California’s water shortage problem may have been just a business venture. In March 2014, NASA revealed shocking news about how California has about a year of stored water. The news though did not come as a startling revelation for many, considering the fact that California has long been suffering from almost four years of drought.
The question after NASA’s assumption was, what to do next? California’s population is quite huge and it is dependent on agriculture. Many people are concerned if the drought situation is a made up propaganda or a real and natural event.
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The history of the American West suggests that the region has long been suffering from dry spells throughout the years and this has led to the formation of water rights to ensure these regions get water from other states in such times but there has never been such a severe drought in the past 500 years.
The Water Levels Now
According to NASA’s Jay Famiglieti who works at the Jet Propulsion Laboratory and is also a professor of Earth Science at the Caltech University stated that the total amount of water that is stored at the Sacramento and San Joaquin River was 34 million acres below the normal amount in 2014. That amounts to nearly 1.5 times the water capacity of Lake Mead which is America’s largest reservoir of water. According to NASA all of this could be avoided with proper decision making but California chose to ignore the crisis.
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Why Did the Problem Arise?
Some of the solutions that California could have adopted, according to NASA, include banning of fracking using freshwater, using turbine technology in oceans and also creation of water using moisture. And these are only just some of the possibilities. Most importantly, California did not create sufficient water reservoirs to avert such a crisis.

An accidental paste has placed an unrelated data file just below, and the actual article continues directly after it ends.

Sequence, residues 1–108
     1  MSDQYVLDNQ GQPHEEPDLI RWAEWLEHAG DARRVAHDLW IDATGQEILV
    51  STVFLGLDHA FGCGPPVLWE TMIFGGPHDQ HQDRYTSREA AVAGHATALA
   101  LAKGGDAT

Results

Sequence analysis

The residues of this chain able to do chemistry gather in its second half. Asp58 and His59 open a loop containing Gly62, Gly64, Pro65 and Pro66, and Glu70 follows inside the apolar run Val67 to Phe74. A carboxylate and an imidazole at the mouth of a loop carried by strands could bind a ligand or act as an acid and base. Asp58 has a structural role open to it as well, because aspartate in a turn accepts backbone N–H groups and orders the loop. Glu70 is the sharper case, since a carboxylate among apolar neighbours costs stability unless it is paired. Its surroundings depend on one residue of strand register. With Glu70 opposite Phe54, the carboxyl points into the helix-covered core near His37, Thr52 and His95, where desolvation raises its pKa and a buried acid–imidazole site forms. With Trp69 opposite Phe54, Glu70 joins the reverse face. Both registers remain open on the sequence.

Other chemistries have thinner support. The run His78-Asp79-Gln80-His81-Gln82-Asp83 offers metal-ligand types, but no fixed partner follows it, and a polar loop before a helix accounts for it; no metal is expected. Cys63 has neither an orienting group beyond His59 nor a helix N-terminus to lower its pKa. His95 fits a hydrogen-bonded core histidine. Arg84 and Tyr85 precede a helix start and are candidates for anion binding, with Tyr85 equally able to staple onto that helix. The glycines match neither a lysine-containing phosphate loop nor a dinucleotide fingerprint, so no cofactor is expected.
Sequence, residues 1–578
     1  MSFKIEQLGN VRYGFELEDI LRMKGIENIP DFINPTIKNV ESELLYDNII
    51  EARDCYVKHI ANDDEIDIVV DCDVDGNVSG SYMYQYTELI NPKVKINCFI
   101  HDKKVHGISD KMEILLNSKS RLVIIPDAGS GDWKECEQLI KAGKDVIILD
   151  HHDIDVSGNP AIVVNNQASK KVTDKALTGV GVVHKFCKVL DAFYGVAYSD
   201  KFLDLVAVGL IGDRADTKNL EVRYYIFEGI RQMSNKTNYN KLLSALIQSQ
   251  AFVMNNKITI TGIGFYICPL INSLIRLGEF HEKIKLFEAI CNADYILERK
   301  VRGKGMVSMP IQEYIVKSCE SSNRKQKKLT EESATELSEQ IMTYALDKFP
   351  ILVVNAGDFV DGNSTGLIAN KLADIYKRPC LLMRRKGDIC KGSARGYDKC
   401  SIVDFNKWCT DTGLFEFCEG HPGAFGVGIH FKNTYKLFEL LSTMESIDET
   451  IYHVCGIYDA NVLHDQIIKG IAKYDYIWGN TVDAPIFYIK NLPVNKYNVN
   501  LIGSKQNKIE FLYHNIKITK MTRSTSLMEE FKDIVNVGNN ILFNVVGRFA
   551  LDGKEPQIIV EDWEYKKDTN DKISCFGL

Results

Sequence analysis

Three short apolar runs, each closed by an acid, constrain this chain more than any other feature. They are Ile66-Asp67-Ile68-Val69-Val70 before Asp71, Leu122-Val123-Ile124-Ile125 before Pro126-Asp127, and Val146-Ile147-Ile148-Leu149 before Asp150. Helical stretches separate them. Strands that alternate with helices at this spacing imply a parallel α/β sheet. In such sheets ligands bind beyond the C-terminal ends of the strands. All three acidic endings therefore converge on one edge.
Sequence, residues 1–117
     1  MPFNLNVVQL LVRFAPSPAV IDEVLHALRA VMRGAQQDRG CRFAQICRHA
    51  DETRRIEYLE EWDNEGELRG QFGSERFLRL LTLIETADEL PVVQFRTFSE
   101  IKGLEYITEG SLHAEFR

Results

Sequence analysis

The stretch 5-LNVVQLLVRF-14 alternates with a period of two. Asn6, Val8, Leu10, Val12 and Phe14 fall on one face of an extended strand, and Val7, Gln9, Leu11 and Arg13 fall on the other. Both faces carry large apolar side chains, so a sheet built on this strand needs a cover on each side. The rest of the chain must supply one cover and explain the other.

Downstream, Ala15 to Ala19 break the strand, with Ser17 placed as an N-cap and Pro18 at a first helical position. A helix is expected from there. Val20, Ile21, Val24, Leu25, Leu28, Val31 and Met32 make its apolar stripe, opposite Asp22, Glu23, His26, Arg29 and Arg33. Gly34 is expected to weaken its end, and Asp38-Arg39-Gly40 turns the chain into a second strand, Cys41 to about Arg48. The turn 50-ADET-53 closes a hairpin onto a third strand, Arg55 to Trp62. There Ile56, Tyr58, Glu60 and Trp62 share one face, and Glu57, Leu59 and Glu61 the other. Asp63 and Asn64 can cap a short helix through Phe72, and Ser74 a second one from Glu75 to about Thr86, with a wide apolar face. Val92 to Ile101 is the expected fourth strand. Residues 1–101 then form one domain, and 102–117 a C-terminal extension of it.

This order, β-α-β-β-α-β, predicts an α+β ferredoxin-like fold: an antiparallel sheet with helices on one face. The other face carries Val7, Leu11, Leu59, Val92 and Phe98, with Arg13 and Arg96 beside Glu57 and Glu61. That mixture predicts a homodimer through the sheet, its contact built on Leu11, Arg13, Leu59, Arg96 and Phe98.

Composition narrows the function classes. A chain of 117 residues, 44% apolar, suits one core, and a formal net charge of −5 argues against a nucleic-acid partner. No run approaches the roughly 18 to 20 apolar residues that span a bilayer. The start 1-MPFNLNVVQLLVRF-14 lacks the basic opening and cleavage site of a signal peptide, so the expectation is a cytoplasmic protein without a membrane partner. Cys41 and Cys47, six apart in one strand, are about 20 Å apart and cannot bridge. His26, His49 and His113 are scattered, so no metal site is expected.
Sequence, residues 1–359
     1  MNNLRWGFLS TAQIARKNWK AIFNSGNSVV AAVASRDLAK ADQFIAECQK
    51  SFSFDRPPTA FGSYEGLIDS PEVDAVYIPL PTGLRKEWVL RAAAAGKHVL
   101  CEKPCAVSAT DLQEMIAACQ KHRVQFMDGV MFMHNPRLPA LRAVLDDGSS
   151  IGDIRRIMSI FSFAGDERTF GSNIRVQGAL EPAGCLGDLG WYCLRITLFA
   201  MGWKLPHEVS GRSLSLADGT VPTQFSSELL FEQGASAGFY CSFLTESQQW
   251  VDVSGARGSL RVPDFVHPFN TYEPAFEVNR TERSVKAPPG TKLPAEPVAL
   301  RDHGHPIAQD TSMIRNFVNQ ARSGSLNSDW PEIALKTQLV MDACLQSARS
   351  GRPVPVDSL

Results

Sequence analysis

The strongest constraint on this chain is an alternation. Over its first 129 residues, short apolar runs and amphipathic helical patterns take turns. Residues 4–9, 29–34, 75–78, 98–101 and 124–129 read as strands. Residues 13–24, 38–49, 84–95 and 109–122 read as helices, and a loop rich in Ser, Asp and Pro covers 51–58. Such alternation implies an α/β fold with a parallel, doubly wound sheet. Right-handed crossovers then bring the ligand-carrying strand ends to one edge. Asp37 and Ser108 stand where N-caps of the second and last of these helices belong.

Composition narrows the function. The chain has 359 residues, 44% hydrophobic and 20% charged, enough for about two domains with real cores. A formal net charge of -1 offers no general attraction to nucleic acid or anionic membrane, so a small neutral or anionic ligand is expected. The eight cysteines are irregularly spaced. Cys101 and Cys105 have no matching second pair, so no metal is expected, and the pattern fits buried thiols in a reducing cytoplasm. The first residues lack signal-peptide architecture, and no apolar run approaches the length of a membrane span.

The Commercialization of Water
And then there is the allegation that climate is being controlled and that’s why the U.S. Eastern coast remains cooler, even though the temperatures reach record highs in the other parts. The sanction of a $68 billion dollar high speed railway system than concentrating on this problem of drought that is imminent just tells us that water is going to be big business soon.
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The focus should have instead been on making water available. There are countless countries that have turned to purifying even waste water to use it as drinking water. One of the biggest examples is Namibia and they have been doing it for decades. Countries like Singapore and Egypt use the most advanced of technologies to recycle their waste water and they are firmly against water wastage. From desalination of water to purifying sea water, there are many methods that can be applied. In fact, recent studies have been able to develop specially designed synthetic membranes that can remove salt and other impurities from sea water without needing by evaporation techniques without using electricity.
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Water today is a $245 billion dollar industry, and as Goldman Sachs pointed out in 2008, is the petroleum of the next century. A water shortage today seems more of a threat than even food shortages. That water is increasingly being seen as a resource for earning money instead of quenching thirst, is evident by the actions of companies. Financial firms insist of privatizing water supplies and have even introduced water price indexes.
One of the biggest blunders California did was allowing companies like Nestle to continue drawing freshwater at only a couple cents per gallon, which they went on to sell it for $16 per gallon. It only suggests that the water scarcity problem is a big business venture that has turned out to be highly profitable.